Second, some of the English corporate sponsors are hardly inspiring either. Seen all the betting houses or payday lenders on shirts and stadia? Pizza Hut is pleasantly innocent in comparison.

      Third, I think the bigger problem underlined by Pizza Hut is temporariness, contract length, bankruptcy, etc. People come to identify the place as Pizza Hut and associate your team with it and bammo Pizza Hut quits you. People call the stadium Enron and that business goes bankrupt.

      So, I think any stadium built with tax funds should have some sort of non-corporate permanent identifier as well. Reliant Astrodome, Metlife Meadowlands, etc. I see it as a mistake to allow potentially flybynight or bankrupt sponsors the right to the whole name, and fans deserve something permanent and non-corporate.

      • Increase says:

        The betting website being allowed to have shirt sponsorship strikes me as foolish and shortsighted by the league. Encouraging gambling is not a good thing. I play poker, I just think the two industry’s are too close together for ethical reasons and gambling on soccer is not the same as poker. I don’t have then energy to go in detail as to why its not good. I’m not saying it “evil” just not for the best.

  2. Luetchy says:

    From “The Oven” to “The Tundra!”

  3. fischy says:

    Toyota, huh? Our Volkswagen Field/Stadium/Park at Buzzard’s Point in DC will kick their butt. Fahrvegnugen!!

    In actuality, I pray for the day United get a different jersey sponsor. Let VW have stadium naming rights, but I want some other symbol across my chest when I put on a DCU jersey.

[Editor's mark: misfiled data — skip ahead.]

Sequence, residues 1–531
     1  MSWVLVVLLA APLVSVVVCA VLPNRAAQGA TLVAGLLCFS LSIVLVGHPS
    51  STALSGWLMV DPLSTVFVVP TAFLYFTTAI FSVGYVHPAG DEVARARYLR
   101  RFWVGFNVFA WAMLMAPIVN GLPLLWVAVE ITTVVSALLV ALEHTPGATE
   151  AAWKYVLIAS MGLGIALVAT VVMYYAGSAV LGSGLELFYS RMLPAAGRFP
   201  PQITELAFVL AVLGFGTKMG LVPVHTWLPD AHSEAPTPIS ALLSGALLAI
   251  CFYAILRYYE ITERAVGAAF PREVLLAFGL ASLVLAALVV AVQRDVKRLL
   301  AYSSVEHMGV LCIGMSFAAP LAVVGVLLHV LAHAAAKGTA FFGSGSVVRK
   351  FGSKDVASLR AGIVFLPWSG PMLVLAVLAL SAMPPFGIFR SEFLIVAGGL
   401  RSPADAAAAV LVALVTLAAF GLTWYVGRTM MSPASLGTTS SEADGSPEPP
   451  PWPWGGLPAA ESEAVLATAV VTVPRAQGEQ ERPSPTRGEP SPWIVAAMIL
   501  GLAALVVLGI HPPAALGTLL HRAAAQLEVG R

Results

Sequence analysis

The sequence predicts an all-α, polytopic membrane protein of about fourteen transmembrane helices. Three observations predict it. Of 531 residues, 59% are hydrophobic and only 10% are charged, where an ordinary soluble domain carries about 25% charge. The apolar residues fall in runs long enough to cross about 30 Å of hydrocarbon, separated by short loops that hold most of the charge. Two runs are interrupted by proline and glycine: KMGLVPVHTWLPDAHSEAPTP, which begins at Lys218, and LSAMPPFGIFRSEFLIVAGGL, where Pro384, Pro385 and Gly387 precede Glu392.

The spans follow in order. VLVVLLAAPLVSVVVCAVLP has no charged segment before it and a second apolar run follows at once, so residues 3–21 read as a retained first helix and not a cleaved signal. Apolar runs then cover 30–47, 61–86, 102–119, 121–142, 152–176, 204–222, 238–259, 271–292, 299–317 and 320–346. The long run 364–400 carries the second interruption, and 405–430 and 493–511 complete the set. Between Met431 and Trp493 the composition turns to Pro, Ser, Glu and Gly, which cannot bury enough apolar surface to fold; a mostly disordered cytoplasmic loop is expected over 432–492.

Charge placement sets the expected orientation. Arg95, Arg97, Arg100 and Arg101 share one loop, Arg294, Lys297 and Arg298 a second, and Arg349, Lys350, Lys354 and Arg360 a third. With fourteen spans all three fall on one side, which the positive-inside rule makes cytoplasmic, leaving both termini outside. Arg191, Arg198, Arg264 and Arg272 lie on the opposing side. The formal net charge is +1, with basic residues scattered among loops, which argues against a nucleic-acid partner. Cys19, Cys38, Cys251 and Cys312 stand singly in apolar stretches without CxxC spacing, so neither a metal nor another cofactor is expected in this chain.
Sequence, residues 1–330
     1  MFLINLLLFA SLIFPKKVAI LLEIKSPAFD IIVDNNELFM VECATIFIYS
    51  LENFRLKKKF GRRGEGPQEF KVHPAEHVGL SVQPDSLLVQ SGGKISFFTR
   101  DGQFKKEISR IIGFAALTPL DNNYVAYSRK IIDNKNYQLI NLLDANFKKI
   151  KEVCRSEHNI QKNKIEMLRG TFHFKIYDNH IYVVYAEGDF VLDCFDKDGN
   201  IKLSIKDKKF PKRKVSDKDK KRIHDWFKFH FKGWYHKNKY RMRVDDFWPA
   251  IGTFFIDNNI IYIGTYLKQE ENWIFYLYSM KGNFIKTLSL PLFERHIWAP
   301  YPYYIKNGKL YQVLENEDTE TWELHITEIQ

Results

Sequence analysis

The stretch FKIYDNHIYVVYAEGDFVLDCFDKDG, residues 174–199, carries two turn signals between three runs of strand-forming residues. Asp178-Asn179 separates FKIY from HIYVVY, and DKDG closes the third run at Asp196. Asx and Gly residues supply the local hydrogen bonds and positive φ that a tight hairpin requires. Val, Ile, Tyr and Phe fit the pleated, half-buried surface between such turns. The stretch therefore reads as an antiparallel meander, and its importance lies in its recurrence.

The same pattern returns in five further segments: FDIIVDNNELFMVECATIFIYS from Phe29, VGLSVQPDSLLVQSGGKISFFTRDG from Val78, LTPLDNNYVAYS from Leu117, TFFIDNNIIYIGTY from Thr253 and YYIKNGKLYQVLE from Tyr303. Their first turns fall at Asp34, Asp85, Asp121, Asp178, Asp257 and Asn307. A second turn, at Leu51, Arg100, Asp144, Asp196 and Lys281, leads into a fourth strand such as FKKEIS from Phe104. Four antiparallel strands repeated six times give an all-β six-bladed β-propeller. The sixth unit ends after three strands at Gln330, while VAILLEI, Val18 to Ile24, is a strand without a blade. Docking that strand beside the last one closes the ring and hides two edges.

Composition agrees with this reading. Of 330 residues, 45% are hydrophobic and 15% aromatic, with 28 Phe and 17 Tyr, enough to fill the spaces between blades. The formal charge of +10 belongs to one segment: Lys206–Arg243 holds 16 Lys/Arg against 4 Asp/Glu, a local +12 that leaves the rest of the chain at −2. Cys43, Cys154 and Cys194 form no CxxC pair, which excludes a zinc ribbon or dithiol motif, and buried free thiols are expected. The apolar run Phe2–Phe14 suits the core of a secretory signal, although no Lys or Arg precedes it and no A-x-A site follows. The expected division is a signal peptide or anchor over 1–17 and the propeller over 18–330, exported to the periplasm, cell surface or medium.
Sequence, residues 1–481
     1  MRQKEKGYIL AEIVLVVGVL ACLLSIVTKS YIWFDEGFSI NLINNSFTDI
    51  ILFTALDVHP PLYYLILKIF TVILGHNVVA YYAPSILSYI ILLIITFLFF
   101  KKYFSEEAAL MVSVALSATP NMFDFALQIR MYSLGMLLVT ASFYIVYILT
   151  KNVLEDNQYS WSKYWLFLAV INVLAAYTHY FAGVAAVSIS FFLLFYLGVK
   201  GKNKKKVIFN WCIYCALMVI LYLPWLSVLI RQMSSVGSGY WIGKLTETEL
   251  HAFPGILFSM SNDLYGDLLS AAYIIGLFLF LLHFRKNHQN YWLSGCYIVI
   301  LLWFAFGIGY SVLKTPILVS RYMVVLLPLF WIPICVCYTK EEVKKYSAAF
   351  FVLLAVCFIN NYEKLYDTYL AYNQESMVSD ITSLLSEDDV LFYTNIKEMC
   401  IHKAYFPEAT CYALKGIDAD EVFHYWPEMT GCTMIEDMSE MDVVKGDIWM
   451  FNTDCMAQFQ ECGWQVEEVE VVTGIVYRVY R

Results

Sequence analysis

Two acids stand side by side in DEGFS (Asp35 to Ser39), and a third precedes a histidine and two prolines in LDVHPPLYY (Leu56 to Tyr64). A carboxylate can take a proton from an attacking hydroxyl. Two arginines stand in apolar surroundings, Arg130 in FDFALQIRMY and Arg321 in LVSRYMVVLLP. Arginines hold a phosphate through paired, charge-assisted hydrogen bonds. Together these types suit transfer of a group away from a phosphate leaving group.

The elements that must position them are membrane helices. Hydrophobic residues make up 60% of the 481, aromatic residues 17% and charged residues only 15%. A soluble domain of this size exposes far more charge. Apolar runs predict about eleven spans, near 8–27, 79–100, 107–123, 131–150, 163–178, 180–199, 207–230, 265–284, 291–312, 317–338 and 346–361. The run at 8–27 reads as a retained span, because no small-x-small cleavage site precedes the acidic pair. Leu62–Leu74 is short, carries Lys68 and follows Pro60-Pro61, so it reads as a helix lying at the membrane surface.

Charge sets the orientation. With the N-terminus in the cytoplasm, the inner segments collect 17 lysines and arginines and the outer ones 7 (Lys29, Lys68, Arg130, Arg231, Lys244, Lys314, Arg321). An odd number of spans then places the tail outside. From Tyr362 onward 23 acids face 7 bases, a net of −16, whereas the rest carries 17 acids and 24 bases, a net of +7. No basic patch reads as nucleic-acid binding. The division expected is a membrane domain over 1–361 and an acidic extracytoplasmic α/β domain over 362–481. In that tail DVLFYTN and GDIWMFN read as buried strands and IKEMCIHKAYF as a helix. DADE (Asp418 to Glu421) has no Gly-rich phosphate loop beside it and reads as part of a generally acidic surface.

4. Chris says:

    Glad they got a sponsor, more $$$ is a good thing. Don’t really get how Toyota trumps Pizza Hut though. They are both companies that paid FCD $$$.

  5. Ron says:

    to The Imperative Voice:

    I would take your argument about “American-driven monetization” were it not for corporate sponsors on every club’s jerseys. I certainly recall on rather large insurance firm that was subject to a huge financial bailout adorned on the ManU jerseys. Good luck to Red Devils at King Power Stadium.

    • The Imperative Voice says:

      The idea of shirt sponsors appears to be European but the idea of stadium sponsors is, IMO, American. 10 years ago we would have already had Enron, etc. but it was still Highbury. Now it’s Emirates. That is a sea change there, which has followed the trend from here.

      But my point was really that who cares if Euros criticize our stadium names because we invented the idea. I didn’t buy the implication that they’d done it first and had some sort of license to the idea that gave them the right to look down on us. Ditto betting houses and such as sponsors, even if we threw out “who had it first,” Pizza Hut is more morally defensible.

      I think you’re taking my argument as pro-Europe and it was intended to be more generally critical, dismantling both sides.